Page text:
|12:37 pm - The fight against spam|
I'm reasonably well-known for being a mailserver-tweaker. I like to tune both my personal mail config as well as that of my server. I actually try to report spam back to the places it's coming from. I participate on the mailing lists that make spamfilters
better. I try to be a responsible mailserver admin.
But one of the biggest companies out there has had some users with compromised accounts sending me spam: Yahoo.
Now, this isn't people forging yahoo.com domains -- these are legitimately coming from the Yahoo mailservers, with all the headers matching.
The mails typically consist of a single-link, like this one:
Now, in talking about this, my goal is to get the messages to stop not-getting-hit by the mailfilter. If the messages stop coming out of a trusted host like Yahoo, that's a plus too. (We can blocklist some nowhere-mailhost in guam, we can't blocklist Yahoo). I
don't particularly care about the sites getting taken down, they'll just crop up elsewhere. The goals are either that we can better flag the messages, or they stop coming.
On the better filtering front
So, what does one do about a message that's just a link? As it happens, there's actually a tool that lets you check the "spamminess" of a link inside a message body. That tool is called SURBL. It basically looks at the "first
level" of the domain, and compares it against known reports of badness.
One of the ways to report URL's to SURBL is via SpamCop, which I typically use anyway to report a lot of my spam that gets past my mail filters. Spamcop accepts mail from my mail filter's "reporting" engine, and then sends me to a web page where I have to look
over a message and confirm that "yup, that's spam allright". There's NO way to do this without my intervention, and still have the actual body of the message be parsed (and thus potentially fed to SURBL).
Spamcop does offer a "quick" service that would seem to report the mail servers involved, but which wouldn't act on the links inside the body.
I note that when SpamCop sends my reports along to Yahoo, they do so to a special "spamcop" address, not a general
"abuse@" one, which seems to be somewhat broken.
On the "Getting Yahoo to cut it out" front...
Well, while I've already reported the mail to Yahoo via spamcop, I'd like a way to more immediately report these to Yahoo (since spamcop has to wait for me to go hit that webpage), so they can cut off compromised accounts earlier.
RFC2142 seems to state that all people running network operations should support the generally-agreed upon standard abuse alias.
And yahoo does...kinda. When I forwarded them a message that was definitely spam, coming from their systems, I got back a message like this:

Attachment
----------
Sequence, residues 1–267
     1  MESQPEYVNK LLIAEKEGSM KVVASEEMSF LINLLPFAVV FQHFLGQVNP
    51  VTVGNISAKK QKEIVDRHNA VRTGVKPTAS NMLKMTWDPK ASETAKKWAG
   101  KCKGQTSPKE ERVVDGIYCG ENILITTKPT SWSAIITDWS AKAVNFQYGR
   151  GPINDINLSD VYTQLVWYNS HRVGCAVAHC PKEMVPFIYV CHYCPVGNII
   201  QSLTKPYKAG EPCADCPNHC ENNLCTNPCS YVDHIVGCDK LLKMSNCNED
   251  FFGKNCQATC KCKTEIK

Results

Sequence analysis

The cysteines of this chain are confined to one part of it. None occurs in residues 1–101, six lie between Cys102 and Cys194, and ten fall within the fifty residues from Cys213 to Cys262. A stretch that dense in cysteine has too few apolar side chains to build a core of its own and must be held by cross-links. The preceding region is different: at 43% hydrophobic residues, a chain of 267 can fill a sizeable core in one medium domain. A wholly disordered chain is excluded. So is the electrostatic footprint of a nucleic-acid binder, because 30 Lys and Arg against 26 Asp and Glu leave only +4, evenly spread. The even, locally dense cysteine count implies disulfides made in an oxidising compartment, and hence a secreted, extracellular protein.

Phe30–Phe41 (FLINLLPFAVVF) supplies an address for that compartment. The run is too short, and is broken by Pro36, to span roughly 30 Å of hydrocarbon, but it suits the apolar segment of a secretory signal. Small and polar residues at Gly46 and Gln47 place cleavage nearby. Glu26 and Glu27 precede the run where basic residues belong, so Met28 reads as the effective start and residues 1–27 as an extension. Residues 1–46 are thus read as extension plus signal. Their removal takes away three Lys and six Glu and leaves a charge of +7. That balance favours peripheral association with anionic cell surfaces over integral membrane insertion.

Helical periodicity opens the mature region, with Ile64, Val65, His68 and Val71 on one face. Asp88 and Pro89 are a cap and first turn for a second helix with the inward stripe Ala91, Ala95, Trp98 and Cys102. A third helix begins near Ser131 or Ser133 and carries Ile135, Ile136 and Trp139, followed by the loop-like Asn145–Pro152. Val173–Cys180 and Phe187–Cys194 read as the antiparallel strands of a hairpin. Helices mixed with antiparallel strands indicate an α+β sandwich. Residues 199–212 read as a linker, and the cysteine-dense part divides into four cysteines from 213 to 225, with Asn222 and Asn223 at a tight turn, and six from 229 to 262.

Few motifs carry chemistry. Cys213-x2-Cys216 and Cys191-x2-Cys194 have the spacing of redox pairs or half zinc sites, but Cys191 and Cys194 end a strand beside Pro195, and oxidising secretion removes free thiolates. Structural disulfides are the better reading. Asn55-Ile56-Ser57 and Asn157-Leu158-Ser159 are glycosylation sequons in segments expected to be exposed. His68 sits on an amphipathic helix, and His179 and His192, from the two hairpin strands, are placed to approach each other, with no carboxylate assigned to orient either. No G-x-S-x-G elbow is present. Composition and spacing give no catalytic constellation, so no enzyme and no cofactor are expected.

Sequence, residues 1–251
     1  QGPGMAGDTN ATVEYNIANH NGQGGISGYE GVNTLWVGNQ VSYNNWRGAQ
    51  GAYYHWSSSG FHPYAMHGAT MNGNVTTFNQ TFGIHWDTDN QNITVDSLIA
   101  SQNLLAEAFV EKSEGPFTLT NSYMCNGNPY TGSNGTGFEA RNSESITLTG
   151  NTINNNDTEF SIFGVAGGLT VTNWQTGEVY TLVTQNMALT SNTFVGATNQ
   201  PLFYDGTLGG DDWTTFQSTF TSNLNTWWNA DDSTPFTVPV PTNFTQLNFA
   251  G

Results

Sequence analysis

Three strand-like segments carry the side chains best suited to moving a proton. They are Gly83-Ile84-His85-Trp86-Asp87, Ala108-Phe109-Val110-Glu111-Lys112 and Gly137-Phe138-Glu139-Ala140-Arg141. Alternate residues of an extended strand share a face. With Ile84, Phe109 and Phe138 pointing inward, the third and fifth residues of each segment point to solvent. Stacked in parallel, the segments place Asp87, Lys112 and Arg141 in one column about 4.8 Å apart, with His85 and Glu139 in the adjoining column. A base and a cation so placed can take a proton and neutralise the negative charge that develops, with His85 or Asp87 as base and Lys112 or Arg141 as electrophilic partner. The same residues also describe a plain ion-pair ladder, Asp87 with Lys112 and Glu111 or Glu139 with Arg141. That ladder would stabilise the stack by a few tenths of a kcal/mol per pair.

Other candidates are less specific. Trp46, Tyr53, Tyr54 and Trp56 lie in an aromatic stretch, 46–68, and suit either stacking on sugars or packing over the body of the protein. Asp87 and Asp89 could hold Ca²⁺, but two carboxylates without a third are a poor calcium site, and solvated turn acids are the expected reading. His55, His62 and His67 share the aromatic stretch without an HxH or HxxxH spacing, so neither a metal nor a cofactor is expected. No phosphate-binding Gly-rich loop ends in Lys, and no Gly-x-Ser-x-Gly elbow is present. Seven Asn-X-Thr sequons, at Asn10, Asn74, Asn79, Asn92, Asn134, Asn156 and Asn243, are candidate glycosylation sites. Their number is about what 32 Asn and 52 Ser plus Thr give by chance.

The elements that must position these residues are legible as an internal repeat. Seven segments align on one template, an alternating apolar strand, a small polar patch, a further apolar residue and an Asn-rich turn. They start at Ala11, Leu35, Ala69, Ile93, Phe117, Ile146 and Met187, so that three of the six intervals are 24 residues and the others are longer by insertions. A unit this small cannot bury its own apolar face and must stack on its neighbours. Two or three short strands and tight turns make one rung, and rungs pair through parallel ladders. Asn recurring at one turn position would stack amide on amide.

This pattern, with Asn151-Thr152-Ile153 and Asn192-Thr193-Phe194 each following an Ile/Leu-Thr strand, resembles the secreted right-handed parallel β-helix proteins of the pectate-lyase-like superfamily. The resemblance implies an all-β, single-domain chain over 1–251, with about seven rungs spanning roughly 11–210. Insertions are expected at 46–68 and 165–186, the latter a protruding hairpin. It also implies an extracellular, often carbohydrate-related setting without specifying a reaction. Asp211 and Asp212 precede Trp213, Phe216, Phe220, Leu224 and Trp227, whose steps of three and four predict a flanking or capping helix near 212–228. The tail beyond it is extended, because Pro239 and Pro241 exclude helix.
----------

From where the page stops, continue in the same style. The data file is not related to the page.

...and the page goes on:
Date: Sun, 10 Mar 2013 11:56:13 -0700 (PDT)
Subject: Re: FW: link (fwd)
This is an automated response; please do not reply to this email as replies will not be answered.
To report spam, security, or abuse-related issues involving Yahoo!'s services, please go to http://abuse.yahoo.com.
Yahoo! Customer Care
Of course, http://abuse.yahoo.com redirects to a general section on help.yahoo.com with top "answers" none of which are "HOW DO I REPORT SPAM TO YOU". Searching around a bit
gets this KB article ID: SLN8671, which suggests that:
Every major email provider has a system for reporting spam or junk mail,
and information about spammers is shared across providers. As a result, if
a Gmail user marks a message from a Yahoo! user as spam in a Gmail
account, the report will be sent to us, and we can take appropriate action
when violations occur. The fight against spam is much bigger than just
Yahoo!, and we partner with other email providers including, but not
limited to Gmail, Hotmail, and AOL to identify spammers and prevent them
from sending mail to or from our accounts. We do not tolerate people that
abuse our services and will take action according to our Terms of Service.
If your email provider does not offer a spam reporting feature, please
submit your report using our contact form"
Of course, the union of "every major email provider" and "SpamAssassin users" is pretty much nil. Note as well that the contact form they link you to is incredibly, incredibly
generic, and asks "what VERSION of yahoomail you're using".
So there's the problem. What could Yahoo! do to make this better?
For starters, start accepting abuse mail. As it happens, back in the day Yahoo were one of the pioneers of a technology called DomainKeys and later DKIM. So
there's already a legitimate way for them to take any mail sent to them, and see if it's in fact legitimate. Easily. And for anyone ELSE who emails abuse@, maybe THEN give the same response.
Yahoo accounts are being compromised here. I was emailed at an address that was only used for communication with one group -- and the account that mailed me was privvy to that email address. I've seen Yahoo starting to ask people to add a mobile number to
their profile to confirm this, but the really quick easy answer here is: when you see an account do this, lock it!. Of course, this would require scanning all mail that a user sends, which may be a new and technically hard thing for Yahoo to do. If only they
had some other way to know accounts were doing this. Like my previous point.
I have several friends who work inside Yahoo, even inside their Mail Services group, so I'd love to hear from someone directly as to a better solution.